By Bill Chadwick - Oregon State University and NOAA/PMEL
Patty Fryer - University of Hawaii
There are so many exciting geological features within the Mariana region, the area is like an amusement park for geologists. The region has earthquakes, volcanoes, hydrothermal vents, cold seeps, and the biggest mud volcanoes on Earth. There are many extremes within this region: it hosts the deepest place on the planet (at the Challenger Deep in the Mariana Trench at 10,916 meters or 35,814 feet deep), extraordinary activity in the volcanic arc including submarine eruptions, venting of liquid carbon dioxide, ponds of molten sulfur, and hydrothermal vents that are teeming with exotic species. Between the Mariana Trench and the island volcanoes, huge mud volcanoes provide a window into the boundary between two tectonic plates that have been colliding for over 50 million years and harbor unique communities of organisms that thrive in the most extreme fluid composition recorded in the oceans. For all these reasons, the area has been designated as a National Monument, the Mariana Trench Marine National Monument.
Why is there so much geological activity in this corner of the world? It’s because tectonic plates are colliding in some areas and spreading apart in others, producing a wide variety of environments that make the Mariana region such a fascinating place to explore.
Where tectonic plates collide they form trenches, which are the deepest places in the world’s ocean. At a trench, one tectonic plate (the “downgoing plate”) plunges beneath another (the “overriding plate”) at what is called a “subduction zone.” The downgoing plate bends and angles downward into the Earth’s mantle, and the boundary between the two plates develops into a trench (Figure 1).
At the Mariana Trench, the downgoing plate is called the Pacific Plate, and the overriding plate is the Philippine Sea Plate. The depth of the Mariana trench varies along its length. Where large, old seamounts are present on the Pacific Plate at the subduction zone, the trench is shallower. Such collisions involving subducting seamounts also cause the edge of the overriding Philippine Sea Plate to uplift.
In the Mariana system, the trench is curved in map view (see the white dashed line on Figure 2). The actual forces that control the shape of the trench are related to broad regional plate movement. Over its history, as the Pacific Plate has been subducted, it has been “rolling back” toward the east. That means the trench has migrated eastward with time. The Mariana Trench, however, is “pinned” on both its north and south ends by the jamming up of subduction through collision with the Ogasawara Plateau in the north and the Caroline Ridge in the south. This is why the Mariana system and its youngest back-arc ocean basin is “banana shaped,“ concave to the west.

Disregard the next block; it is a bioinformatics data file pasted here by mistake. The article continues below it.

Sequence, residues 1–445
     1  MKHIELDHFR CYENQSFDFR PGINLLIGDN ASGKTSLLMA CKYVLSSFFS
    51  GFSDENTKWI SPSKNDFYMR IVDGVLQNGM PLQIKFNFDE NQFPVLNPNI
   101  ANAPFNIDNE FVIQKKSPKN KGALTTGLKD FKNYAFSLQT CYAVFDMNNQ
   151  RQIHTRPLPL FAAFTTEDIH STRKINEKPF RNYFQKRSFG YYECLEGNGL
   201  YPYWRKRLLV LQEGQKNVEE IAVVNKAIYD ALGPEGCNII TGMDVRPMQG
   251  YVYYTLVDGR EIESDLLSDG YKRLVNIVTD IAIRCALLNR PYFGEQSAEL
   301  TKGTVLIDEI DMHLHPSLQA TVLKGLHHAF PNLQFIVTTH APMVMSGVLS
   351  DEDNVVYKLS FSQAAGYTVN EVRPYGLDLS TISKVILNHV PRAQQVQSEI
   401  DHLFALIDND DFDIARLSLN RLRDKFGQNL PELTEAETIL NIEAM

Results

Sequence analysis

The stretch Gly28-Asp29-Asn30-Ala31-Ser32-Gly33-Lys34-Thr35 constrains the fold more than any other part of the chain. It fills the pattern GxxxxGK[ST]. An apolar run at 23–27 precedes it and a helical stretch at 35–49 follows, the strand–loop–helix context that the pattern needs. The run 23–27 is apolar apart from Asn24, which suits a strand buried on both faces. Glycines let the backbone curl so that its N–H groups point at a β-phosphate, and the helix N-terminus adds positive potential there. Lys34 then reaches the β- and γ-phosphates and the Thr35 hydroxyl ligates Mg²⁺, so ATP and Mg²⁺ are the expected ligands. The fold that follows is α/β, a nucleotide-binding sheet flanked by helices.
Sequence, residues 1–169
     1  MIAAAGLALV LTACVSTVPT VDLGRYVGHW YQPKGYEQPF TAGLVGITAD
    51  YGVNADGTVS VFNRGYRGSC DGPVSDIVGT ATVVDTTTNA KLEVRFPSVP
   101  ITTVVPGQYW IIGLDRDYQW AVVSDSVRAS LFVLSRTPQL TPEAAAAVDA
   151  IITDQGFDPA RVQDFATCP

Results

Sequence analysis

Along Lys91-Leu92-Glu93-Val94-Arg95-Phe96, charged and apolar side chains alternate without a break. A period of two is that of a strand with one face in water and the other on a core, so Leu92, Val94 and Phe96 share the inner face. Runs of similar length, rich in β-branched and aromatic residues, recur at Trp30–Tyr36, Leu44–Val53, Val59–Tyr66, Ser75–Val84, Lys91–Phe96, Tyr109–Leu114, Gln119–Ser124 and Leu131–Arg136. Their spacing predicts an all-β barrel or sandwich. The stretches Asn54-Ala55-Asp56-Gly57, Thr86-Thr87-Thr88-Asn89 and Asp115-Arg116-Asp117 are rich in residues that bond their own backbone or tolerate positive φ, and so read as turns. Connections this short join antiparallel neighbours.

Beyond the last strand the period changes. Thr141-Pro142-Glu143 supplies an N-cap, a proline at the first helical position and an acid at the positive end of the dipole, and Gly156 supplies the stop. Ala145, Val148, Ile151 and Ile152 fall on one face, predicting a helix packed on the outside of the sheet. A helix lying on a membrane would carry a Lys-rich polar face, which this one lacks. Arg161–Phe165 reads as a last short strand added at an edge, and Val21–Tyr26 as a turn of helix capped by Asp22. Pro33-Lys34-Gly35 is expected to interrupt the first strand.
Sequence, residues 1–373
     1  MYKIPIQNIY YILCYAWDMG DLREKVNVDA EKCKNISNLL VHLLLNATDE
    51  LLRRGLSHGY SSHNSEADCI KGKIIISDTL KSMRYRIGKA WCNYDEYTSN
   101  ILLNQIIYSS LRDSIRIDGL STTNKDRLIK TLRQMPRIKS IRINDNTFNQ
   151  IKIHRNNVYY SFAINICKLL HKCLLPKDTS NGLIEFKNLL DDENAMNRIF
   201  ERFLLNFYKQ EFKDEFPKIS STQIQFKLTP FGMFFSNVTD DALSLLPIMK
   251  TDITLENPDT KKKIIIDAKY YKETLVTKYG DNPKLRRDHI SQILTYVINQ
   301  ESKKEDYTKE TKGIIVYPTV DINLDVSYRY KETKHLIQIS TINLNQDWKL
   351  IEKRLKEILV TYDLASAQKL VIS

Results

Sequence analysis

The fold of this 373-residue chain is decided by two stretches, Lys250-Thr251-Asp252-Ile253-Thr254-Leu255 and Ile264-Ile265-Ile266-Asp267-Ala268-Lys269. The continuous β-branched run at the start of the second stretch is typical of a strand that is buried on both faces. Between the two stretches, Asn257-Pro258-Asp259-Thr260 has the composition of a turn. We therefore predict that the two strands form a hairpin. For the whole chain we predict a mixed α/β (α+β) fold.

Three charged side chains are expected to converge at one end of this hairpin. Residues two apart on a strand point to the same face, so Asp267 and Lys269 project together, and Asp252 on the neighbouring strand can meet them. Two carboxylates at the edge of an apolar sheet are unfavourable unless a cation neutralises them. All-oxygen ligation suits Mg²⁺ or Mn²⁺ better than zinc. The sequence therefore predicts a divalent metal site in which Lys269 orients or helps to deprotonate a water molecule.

The forearc is the “museum” of the Marianas. This region, between the trench and the volcanic arc (Figure 3), preserves the earliest evidence of subduction and the entire history of the three episodes in which the island arc system was torn apart, with the trench and volcanic arc moving eastward and leaving new back-arc ocean basins in its wake, as the Pacific Plate has rolled back. All this tectonic activity left the forearc heavily deformed, thus faults crisscross most of it.
The active subduction process continues to affect and update the museum. A downgoing tectonic plate can remain stuck under a forearc region for months or years or decades, as the subduction zone between them builds up collision energy. When the stress gets too big, the plates slip along the contact fault between them and an earthquake occurs. Such earthquakes (like the Japan earthquake of 2011) can cause devastation and dangerous tsunamis. Big earthquakes cause smaller aftershocks, and the movement on preexisting forearc faults pulverizes rock along the fault contacts. Some of these faults apparently cut right through the entire forearc crust and mantle, reaching depths of up to 18 kilometers (nearly 11 miles).
At such depths, the downgoing Pacific Plate has begun to release fluids as temperatures and pressures increase (essentially a geologic “distillation” process). The fluids rise along the deep faults, reacting with pulverized forearc mantle to “hydrate” the mantle minerals (olivine and pyroxene) and form the mineral serpentine. The resulting serpentinite/fluid mud is less dense than the surrounding rock, so it rises to the seafloor in the forearc, erupting to form mud volcanoes as big as 50 kilometers (30 miles) in diameter and 2,000 meters (6,562 feet) high (Figure 4).